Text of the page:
Our Plan for Police Reform

As your City Council Member, I will advocate for a more strategic NYPD budget that enables the department to better serve our communities and keep us safe:
  • Foster a trusting relationship between NYPD Officers and community members.
  • Create accountable leaders within NYPD who will provide beneficial oversight to those under their command.
  • Create transparency around officer behavior.
  • Create accountability for police with zero tolerance for abuse of community members.

Read more below...

The relationship between the NYPD and the people of New York City is broken. We need to build a new relationship, one based on accountability, collaboration, transparency, and unity in order to rebuild a better New York City—one that is just and equitable for all New Yorkers.  

 

The Issues:

Most types of crime are on the rise in District 11 and people are concerned for their safety, especially those who are old enough to remember the 70s and 80s when The Bronx was burning and crime was at an all time high. We know that higher rates of crime lead to diminished quality of life and diminished economic prosperity. District 11 is struggling with break-ins, auto crime, drag racing, and increased gun violence. 

 

At the same time, lawsuits from The Bronx reveal a disturbing behavioral pattern of routinized violence and harassment of residents by police officers, with people of color being those most impacted. In 2019, $30 million of taxpayer money was spent to settle lawsuits with plaintiffs in The Bronx who filed cases around police misconduct. Such lawsuits made up 45% of the city’s police misconduct lawsuits that year, revealing that police abuse and misconduct disproportionately impacts Bronx residents, and such misconduct becomes a major expense to city taxpayers who bail out repeat offenders with no clear system for accountability of offending officers.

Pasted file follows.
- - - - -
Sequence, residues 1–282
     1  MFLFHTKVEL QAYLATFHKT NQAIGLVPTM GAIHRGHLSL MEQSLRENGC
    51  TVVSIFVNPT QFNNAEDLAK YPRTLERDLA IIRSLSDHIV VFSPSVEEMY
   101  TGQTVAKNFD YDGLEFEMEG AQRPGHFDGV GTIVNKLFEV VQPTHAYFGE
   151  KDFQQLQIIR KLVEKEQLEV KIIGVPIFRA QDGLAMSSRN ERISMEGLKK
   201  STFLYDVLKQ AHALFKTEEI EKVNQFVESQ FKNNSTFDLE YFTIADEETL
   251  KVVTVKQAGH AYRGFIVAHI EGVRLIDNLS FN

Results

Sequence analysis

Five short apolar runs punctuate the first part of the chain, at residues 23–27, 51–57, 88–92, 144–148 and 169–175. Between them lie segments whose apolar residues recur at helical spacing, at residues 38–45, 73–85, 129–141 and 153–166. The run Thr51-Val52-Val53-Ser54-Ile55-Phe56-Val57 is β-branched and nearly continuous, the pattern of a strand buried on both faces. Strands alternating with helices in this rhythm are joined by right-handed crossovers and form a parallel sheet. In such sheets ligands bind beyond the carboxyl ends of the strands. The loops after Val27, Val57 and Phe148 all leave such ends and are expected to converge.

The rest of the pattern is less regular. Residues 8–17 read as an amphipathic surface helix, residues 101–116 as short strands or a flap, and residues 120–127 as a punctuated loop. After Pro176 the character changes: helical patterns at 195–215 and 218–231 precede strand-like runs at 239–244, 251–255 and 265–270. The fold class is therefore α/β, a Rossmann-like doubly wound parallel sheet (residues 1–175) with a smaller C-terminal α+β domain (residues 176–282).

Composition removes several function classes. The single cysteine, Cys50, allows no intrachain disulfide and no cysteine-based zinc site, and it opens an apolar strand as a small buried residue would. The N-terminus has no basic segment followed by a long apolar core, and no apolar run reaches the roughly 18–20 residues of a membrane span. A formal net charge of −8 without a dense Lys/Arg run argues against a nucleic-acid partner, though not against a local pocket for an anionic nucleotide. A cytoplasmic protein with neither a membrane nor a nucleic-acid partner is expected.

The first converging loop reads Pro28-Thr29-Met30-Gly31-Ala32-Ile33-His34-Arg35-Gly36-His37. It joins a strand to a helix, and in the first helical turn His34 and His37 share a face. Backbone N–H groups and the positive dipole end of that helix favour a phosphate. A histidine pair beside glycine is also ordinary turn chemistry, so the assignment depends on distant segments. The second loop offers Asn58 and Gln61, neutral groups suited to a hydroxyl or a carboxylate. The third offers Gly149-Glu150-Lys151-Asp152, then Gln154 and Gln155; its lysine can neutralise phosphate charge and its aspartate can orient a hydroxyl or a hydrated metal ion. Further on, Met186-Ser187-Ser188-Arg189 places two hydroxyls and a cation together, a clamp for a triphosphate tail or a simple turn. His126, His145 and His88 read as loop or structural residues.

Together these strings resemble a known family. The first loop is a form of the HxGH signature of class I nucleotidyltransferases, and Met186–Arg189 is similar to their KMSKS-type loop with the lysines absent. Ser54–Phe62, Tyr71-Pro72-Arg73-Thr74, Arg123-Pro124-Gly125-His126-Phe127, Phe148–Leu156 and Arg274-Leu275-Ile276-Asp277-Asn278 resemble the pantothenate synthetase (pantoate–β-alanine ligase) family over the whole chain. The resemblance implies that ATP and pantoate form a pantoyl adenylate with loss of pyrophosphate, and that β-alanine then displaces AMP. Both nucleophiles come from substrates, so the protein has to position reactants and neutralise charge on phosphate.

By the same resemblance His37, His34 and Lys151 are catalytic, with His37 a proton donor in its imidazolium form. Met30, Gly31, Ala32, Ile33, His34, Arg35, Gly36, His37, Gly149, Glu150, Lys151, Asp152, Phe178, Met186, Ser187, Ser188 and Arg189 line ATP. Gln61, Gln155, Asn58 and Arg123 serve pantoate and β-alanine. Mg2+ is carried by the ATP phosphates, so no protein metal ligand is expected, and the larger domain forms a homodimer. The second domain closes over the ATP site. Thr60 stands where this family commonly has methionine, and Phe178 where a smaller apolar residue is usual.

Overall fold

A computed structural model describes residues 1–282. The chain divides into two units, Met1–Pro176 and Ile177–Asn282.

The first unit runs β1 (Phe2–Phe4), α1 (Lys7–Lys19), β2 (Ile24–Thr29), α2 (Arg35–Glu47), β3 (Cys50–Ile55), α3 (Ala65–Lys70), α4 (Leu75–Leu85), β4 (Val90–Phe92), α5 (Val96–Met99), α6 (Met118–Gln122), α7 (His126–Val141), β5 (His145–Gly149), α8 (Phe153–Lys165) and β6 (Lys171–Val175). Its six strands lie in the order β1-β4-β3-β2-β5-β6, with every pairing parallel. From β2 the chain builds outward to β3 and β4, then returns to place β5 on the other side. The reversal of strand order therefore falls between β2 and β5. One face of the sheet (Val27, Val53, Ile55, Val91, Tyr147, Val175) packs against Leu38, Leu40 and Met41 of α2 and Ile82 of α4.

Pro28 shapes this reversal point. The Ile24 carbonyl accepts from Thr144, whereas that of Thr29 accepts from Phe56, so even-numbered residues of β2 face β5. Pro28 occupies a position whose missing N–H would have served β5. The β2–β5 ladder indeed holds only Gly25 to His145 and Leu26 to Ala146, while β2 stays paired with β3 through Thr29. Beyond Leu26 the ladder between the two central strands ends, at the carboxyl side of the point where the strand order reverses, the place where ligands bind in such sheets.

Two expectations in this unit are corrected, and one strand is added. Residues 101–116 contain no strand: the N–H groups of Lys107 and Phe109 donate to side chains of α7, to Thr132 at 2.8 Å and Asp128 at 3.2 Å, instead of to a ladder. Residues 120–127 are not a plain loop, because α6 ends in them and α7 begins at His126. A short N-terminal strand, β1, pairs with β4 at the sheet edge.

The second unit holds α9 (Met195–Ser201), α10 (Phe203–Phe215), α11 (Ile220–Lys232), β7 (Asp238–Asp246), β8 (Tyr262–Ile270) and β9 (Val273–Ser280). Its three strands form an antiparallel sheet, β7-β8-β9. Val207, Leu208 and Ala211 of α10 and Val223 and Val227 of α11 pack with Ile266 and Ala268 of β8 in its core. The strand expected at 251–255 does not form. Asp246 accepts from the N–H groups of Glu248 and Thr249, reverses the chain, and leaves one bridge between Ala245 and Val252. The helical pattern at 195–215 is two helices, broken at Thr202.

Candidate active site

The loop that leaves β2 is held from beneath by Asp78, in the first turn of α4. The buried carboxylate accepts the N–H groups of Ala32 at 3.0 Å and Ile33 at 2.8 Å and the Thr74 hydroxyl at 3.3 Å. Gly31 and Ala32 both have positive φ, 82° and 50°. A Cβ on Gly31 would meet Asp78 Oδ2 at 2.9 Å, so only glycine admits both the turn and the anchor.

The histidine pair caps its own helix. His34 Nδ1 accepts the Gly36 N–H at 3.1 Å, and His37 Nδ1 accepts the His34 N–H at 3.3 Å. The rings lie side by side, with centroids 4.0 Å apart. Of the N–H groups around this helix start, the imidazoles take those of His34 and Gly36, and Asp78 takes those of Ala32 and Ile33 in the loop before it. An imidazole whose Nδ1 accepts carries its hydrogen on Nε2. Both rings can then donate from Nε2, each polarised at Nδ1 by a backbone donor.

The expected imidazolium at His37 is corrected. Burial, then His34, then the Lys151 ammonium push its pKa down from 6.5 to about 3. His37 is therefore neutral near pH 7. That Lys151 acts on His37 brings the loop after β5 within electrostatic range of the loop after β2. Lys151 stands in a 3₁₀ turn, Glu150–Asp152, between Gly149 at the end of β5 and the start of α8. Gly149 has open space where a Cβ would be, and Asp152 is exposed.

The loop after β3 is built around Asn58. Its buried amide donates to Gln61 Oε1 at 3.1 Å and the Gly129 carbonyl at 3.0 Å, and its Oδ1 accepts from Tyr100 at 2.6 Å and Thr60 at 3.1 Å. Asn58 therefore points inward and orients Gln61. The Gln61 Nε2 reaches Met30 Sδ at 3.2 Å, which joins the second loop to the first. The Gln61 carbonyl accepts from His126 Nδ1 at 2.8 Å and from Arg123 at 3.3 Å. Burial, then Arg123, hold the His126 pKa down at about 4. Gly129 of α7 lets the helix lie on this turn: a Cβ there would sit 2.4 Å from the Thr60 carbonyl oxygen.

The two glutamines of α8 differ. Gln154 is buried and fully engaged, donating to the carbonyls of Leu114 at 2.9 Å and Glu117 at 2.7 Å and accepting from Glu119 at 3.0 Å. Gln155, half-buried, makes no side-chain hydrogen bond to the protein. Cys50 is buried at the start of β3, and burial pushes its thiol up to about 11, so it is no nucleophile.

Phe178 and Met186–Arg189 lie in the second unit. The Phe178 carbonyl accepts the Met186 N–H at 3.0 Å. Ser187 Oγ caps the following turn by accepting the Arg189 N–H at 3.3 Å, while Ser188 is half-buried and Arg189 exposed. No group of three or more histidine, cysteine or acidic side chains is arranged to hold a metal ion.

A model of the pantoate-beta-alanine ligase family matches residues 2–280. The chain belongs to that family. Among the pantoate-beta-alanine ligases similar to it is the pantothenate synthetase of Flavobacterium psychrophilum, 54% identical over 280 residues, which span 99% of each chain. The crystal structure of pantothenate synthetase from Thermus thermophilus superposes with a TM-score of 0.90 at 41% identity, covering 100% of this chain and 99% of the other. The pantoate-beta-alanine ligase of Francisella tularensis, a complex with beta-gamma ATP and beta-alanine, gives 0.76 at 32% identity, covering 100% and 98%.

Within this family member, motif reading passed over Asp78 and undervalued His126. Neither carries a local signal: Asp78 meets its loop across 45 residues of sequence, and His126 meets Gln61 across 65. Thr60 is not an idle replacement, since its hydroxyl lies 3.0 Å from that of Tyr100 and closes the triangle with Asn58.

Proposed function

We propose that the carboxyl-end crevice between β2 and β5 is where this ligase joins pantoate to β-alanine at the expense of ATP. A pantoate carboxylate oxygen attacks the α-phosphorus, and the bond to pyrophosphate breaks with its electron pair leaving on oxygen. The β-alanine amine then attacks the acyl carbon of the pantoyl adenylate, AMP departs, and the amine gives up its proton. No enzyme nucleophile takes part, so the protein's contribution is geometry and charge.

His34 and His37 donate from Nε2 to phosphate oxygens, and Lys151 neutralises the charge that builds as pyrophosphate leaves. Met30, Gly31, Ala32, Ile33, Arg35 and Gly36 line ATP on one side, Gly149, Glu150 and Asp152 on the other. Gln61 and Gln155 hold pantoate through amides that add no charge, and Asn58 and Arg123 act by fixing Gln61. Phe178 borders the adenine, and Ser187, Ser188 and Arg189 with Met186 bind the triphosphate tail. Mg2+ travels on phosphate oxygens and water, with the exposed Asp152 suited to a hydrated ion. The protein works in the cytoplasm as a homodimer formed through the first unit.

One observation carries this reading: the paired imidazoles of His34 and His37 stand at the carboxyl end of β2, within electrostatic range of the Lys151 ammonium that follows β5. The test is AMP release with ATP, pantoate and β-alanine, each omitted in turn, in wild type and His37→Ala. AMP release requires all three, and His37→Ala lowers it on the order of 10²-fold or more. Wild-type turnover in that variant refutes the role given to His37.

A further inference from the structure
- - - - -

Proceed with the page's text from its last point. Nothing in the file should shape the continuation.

Our Solutions: 

We can’t have prosperity without public safety, but we also must hold each member of the NYPD to the same high standards that we hold all governmental officials to when it comes to abuse of power. We need to shift the focus of police reform towards building a collaborative relationship with the police. We need to create a transparent and accountable police system that fosters a mutually beneficial relationship between police and community members. I will advocate for systems that ensure NYPD officers and community members work together for safer, more vibrant communities. We need check points for transparency, and better systems for accountability, with zero tolerance for cases of abuse. 

 

I believe that NYPD has a purpose: to support, and serve our communities of The Bronx, and of New York City as a whole. I believe that a systems perspective is critical to ensuring NYPD and New York City communities mutually benefit one another. We must invest our resources with great intention, to build a better system that can benefit both communities and the officers who serve those communities. 

 

As your City Council Member, I will advocate for a more strategic NYPD budget that enables the department to better serve our communities and keep us safe. Specifically, as your representative I will: 

 

Foster a trusting relationship between NYPD Officers and community members:
  • Introduce legislation to screen for bias and hate crimes as a key part of the evaluation process for hiring new NYPD officers.